July 29, 2003 – The newly elected chief minister of the British Virgin Islands wants to see that territory develop a bigger sportfishing industry.
Speaking to the B.V.I. Chamber of Commerce and Hotel Association on Tortola on Tuesday, Orlando Smith said that the B.V.I. is seeking ways to diversify its marine industry, which currently relies almost entirely on bareboat charters.
"It is simply inconceivable that we continue to allow boats to fill the coffers of other countries and then sail into our waters and pluck our fish," Smith said.
He also announced a memorandum of understanding signed Tuesday between his government and the British government which would pave the way for the B.V.I. to become a Category 1 shipping jurisdiction by yearend. The change would enable the B.V.I. to become homeport for pleasure craft up to 400 tons.
Both initiatives are part of the new government's push to reinvigorate the territory's economy, which suffered a slowdown after the Sept. 11, 2001, terrorist attacks on the U.S. mainland.
Smith's comments came at a time when the B.V.I. is at odds with the U.S.V.I. marine industry over fishing in area waters. Since last October, B.V.I. authorities have seized three boats alleged to have been engaged in illegal fishing.
While one boat owner was let off with a stern warning, four other persons have been charged with fishing without a license and registration, crimes that carry fines up to $500,000. Last week, a judge rejected a motion to dismiss illegal fishing charges against two of these men — Rick and Jason Berry of St. Thomas.
The Berrys, who are brothers, were arrested Oct. 15, 2002, at West End, Tortola, as they prepared to unload 200 pounds of fish.
Their lawyer had asked Magistrate Gail Charles to dismiss the illegal fishing charges because the prosecution had failed to establish that the fish were caught in B.V.I. waters.
In her ruling, however, Charles said that the 1997 Fisheries Act, under which the men were charged, clearly states that once fish have been found on board a boat in the B.V.I., it is presumed that those fish were caught in the B.V.I., unless the fishermen can prove otherwise.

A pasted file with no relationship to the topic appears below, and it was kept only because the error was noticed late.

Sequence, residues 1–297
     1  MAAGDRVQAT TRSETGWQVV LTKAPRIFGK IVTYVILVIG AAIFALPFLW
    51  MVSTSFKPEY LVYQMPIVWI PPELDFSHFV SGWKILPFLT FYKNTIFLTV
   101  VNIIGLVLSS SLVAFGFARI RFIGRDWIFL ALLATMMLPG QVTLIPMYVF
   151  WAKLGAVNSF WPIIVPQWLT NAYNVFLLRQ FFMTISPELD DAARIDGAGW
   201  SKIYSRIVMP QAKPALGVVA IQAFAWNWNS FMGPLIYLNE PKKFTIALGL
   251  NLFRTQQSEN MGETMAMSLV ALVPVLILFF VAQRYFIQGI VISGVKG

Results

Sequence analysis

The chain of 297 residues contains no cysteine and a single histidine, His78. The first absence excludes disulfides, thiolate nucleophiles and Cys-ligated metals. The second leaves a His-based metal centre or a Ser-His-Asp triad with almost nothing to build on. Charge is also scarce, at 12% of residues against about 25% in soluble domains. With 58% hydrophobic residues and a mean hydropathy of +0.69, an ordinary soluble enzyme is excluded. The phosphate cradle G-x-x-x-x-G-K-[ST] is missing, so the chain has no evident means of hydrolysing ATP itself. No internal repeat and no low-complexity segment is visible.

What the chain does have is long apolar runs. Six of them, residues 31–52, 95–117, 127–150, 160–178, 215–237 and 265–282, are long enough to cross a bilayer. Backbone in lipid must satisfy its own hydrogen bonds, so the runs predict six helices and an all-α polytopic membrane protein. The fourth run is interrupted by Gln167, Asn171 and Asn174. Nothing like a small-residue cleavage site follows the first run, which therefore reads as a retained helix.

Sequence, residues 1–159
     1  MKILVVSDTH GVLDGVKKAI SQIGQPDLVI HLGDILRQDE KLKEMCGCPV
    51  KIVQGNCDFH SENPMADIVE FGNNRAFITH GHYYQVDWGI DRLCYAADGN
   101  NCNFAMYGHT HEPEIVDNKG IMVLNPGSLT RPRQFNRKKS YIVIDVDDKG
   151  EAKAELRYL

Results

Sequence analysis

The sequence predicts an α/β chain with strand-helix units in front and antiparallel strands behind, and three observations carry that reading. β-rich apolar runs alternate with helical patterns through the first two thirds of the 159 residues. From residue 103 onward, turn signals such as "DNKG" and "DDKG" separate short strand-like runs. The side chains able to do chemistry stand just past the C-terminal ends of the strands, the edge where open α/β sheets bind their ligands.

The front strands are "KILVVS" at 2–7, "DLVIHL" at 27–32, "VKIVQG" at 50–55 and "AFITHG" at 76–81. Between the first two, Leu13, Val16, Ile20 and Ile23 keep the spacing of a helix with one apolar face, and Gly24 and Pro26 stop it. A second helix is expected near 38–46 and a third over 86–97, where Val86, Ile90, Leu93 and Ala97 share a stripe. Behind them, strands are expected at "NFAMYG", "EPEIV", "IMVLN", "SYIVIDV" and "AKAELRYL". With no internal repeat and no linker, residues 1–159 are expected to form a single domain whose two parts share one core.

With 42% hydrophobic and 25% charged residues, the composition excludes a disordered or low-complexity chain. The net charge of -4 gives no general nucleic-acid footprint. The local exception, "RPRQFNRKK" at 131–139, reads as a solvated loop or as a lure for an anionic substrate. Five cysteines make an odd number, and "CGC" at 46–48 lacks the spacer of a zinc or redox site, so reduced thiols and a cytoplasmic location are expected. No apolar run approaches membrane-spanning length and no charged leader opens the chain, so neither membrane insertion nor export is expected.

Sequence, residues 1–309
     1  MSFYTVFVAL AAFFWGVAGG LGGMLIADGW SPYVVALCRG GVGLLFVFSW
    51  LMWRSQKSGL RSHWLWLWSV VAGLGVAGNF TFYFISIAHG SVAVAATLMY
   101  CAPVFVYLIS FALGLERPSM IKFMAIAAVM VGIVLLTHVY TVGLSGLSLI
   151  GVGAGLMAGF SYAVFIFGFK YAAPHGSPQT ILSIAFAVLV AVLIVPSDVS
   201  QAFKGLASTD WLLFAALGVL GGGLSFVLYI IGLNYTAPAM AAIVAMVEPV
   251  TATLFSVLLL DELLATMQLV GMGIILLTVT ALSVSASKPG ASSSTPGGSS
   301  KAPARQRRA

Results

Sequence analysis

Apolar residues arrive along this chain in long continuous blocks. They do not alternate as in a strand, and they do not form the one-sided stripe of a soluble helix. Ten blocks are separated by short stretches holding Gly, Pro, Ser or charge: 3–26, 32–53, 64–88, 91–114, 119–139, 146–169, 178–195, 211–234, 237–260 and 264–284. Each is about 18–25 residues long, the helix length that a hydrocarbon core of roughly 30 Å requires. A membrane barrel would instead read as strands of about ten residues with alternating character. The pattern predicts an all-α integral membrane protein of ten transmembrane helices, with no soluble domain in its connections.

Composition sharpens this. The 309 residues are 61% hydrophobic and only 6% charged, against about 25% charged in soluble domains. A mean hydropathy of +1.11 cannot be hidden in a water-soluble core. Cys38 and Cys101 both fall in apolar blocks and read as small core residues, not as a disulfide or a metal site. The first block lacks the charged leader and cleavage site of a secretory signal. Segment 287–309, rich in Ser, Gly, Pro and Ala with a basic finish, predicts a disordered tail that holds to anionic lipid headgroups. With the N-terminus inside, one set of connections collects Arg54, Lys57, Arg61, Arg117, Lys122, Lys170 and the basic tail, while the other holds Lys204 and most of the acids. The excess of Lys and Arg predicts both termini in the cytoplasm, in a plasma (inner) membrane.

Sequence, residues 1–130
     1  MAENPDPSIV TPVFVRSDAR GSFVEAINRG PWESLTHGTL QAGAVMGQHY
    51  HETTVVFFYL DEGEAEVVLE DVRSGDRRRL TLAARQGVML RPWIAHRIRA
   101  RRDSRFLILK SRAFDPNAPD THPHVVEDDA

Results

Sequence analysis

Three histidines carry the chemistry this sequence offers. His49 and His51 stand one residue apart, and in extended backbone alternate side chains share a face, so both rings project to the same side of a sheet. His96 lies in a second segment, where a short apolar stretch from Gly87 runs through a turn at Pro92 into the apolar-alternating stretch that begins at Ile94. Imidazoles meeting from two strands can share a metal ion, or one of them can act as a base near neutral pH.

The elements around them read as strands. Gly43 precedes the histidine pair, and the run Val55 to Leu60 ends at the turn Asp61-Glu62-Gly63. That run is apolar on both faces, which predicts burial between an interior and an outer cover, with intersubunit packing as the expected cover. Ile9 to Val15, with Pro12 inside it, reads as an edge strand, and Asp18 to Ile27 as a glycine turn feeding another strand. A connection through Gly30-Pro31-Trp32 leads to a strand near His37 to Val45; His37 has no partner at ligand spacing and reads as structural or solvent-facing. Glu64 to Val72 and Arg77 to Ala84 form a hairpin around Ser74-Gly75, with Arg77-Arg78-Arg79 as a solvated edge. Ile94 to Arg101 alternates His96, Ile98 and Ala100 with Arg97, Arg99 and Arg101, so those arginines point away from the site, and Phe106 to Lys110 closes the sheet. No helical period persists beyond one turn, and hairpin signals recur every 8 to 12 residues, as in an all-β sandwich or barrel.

Following Charles's ruling, Rick Berry took the stand. During his testimony, Berry admitted that on the day in question he was not in possession of a valid B.V.I. fishing license. "There was no license in my hands at that time," he said under cross examination by prosecutor Evans Welch. He also conceded that the fish on board had been caught in B.V.I. waters.
Berry further admitted that on Sept. 27 Conservation and Fisheries enforcement officers had warned him that his license was about to expire. Berry said that Raymond Smith — a St. Thomas resident but a B.V.I. citizen — was responsible for obtaining fishing licenses for the Berrys' boat, Forever Fishing.
Under B.V.I. law, it is easier for citizens to obtain fishing licenses than foreigners. Berry denied that he was using Smith to obtain a license more easily, alternately referring to Smith as his business partner and his employer.
Jason Berry is expected to testify when the case resumes on Sept. 5, the same day another St. Thomas fishermen, Scott Niddrie, is scheduled to appear in court for the first time to face illegal fishing charges.
Niddrie and his captain, Jimmy Estraca, were charged with illegal fishing following the June Moon fishing tournament sponsored by the Virgin Islands Game Fishing Club. His boat, Black Pearl, was released last week after Niddrie paid a $15,000 bond to the court.

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